Movies We Like
Cradle Will Rock
Cradle Will Rock belongs to that class of movies that don’t particularly offend anyone or bomb big enough to become a notorious flop; nor was it greeted with a ton of enthusiasm. Considering the talent involved with the film—Tim Robbins, Bill Murray, John and Joan Cusack, and Susan Sarandon, to name but a few—the mild applause the film seemed to generate upon its release was kind of like damning with faint praise. I never understood this because I find Cradle Will Rock to be a whole lot of fun, while at the same time serving as a pointed critique of the political apathy prevalent in art today.
The film tells the story of one of the most mythologized theatrical events of the 20th century. No surprise that Orson Welles was directly involved then. We’re in New York in 1937 and the city seems to be the epicenter of a massive upheaval in society at large. There is labor unrest, growing unease about global fascism, and a gnawing sense that capitalism has failed the common interests of the average citizen. (Hey, maybe the film is due for a critical re-appreciation after all…)
A composer named Marc Blitzstein, played by Hank Azaria, has written a leftist musical that champions labor unions and attacks the exploitive forces of capitalism. A young Orson Welles and his producing partner, John Houseman, decide to stage it as their next theatrical production which is being funded by the Federal Theater Project, a part of the Roosevelt’s Works Progress Administration. Soon, though, right wing ideologues start getting suspicious and manage to stop the play, and any other funded by the FTP, from going forward. This was a time when Socialism and Communism constituted an actual threat to the people in power and the House Committee on Un-American Activities stamped down to repress strident critiques of the forces of Capitalism. Though their union forbids Welles and his cast and crew from going forward with their production, they manage to stage the show anyway at a different theater with Blitzstein providing piano accompaniment from the stage and the cast singing their parts from their seats.
Those are the actual facts of what happened and Robbins, who wrote and directed the film, dramatizes the action with a flair for rousing populist excitement. But he also creates a manic screwball world around these events to give us a sense of a precarious time in American history when the worlds of politics, business, and art collided in ways both comic and tragic.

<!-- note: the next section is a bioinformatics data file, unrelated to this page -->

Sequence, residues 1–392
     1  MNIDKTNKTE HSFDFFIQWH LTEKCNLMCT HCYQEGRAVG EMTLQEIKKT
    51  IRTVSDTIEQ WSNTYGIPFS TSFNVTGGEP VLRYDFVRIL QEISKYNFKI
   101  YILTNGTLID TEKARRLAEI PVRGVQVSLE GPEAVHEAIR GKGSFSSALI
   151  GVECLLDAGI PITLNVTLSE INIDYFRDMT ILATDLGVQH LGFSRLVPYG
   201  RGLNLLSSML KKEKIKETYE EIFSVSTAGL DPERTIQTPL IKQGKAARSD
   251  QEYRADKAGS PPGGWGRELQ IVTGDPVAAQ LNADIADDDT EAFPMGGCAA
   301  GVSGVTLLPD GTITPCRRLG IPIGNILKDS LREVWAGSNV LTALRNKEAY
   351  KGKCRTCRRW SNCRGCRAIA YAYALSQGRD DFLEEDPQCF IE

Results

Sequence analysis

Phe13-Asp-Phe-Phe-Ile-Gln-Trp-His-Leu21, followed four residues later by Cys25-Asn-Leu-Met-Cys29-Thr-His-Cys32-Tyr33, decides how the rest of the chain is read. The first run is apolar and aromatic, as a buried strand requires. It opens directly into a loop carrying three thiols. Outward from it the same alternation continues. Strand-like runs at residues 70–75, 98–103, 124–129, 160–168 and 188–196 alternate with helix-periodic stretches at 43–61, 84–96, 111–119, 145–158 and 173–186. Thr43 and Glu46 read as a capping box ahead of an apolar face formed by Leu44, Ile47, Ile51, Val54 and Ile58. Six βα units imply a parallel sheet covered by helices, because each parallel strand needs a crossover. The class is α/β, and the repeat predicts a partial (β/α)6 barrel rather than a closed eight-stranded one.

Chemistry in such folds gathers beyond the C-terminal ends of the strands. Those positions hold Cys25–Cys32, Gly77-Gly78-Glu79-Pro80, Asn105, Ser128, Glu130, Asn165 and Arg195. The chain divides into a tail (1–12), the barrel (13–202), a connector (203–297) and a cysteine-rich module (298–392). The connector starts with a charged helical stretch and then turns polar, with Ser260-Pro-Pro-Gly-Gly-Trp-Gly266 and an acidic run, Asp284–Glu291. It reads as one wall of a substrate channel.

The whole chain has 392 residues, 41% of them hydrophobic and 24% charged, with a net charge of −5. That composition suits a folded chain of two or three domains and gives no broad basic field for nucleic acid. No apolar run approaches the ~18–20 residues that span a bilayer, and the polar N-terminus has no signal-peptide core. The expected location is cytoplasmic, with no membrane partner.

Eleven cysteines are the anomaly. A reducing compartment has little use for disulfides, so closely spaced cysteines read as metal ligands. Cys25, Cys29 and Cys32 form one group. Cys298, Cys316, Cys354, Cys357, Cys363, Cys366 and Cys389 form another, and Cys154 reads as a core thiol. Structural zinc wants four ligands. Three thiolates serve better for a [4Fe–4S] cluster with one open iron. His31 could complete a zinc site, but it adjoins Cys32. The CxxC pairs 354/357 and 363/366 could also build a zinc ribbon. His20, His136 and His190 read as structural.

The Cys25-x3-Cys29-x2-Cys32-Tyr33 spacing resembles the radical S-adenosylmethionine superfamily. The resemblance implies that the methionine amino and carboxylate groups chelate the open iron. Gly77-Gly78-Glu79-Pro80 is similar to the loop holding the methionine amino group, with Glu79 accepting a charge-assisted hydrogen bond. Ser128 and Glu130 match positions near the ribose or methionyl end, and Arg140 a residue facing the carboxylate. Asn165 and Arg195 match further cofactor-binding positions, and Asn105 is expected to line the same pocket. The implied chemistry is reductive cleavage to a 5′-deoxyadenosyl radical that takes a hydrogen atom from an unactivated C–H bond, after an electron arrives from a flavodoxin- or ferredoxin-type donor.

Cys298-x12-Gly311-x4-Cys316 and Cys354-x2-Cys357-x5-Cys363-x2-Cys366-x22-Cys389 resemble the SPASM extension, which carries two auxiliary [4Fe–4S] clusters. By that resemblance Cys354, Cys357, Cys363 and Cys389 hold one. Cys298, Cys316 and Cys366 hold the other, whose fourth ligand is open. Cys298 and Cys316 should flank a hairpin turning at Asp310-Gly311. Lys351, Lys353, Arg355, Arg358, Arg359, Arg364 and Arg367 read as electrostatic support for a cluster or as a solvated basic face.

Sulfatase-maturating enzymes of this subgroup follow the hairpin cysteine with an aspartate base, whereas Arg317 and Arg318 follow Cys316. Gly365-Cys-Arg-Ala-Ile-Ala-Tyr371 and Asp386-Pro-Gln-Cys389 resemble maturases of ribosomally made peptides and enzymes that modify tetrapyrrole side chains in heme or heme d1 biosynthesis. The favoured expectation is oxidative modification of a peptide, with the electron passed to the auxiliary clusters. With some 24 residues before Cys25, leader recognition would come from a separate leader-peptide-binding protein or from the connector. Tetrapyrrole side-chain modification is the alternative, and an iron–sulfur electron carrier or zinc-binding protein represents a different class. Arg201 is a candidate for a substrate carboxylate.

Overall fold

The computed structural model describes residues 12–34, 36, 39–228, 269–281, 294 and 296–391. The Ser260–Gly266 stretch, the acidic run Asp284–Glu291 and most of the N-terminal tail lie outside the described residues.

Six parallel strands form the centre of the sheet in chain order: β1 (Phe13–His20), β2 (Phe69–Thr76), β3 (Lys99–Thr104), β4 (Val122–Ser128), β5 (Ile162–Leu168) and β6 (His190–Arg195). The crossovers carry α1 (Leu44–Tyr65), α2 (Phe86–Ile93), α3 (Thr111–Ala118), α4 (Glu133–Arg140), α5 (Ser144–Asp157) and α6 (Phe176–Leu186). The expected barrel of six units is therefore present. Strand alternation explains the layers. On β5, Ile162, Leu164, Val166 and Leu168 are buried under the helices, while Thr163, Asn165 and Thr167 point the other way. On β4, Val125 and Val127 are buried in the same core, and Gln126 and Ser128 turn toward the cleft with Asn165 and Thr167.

The cast, who all seem to be having a swell time, includes Bill Murray as an aging ventriloquist and closet Communist forced to train two bumbling idiots (played by a pre-mega stardom Jack Black and his Tenacious D. partner Kyle Gass) as part of the FTP’s project to continue the theatrical life of vaudeville. John Cusack is Nelson Rockefeller who commissions Diego Rivera (played by Ruben Blades) to paint a mural in the lobby of Rockefeller Center. Rivera paints cells of syphilis to symbolize the ruinous effects of Capitalism, to Rockefeller’s horror. Susan Sarandon plays Magherita Sarfatti, a Jewish Italian operative for Mussolini who does black market business with the head of General Motors. Vanessa Redgrave plays a dippy socialite and arts patron who helps Welles and his group find a new theater. The list of superb actors in memorable roles goes on and on.
Tim Robbins is thought of as a humorless, liberal grandstander by his detractors, but Cradle Will Rock is far from some sort of sobering reverential treatise on the power of the “theatah.” It’s a smartly crafted comedy that nods to such screwball classics as My Man Godfrey and manages to poke fun at such figures as Welles and Houseman even as they stumble towards a remarkable achievement in the history of American theater. Some Welles fans were offended by the almost slapstick treatment of his relationship with Houseman and his directorial style, but I think they are taking the whole thing a little too seriously. Cradle Will Rock is a comedy about a group of people unknowingly making history. The players in the story take a backseat to the crucial event, which is the performance. If it isn’t exactly true to history it’s true to Robbins’s populist politics. And the final scene, which features a funeral march for a fallen ventriloquist dummy through Times Square juxtaposed with a final image of today's Times Square with its sea of corporate neon taking up every inch of space, is a brilliant statement about what has been lost to history since the days of a federally funded theater for the people.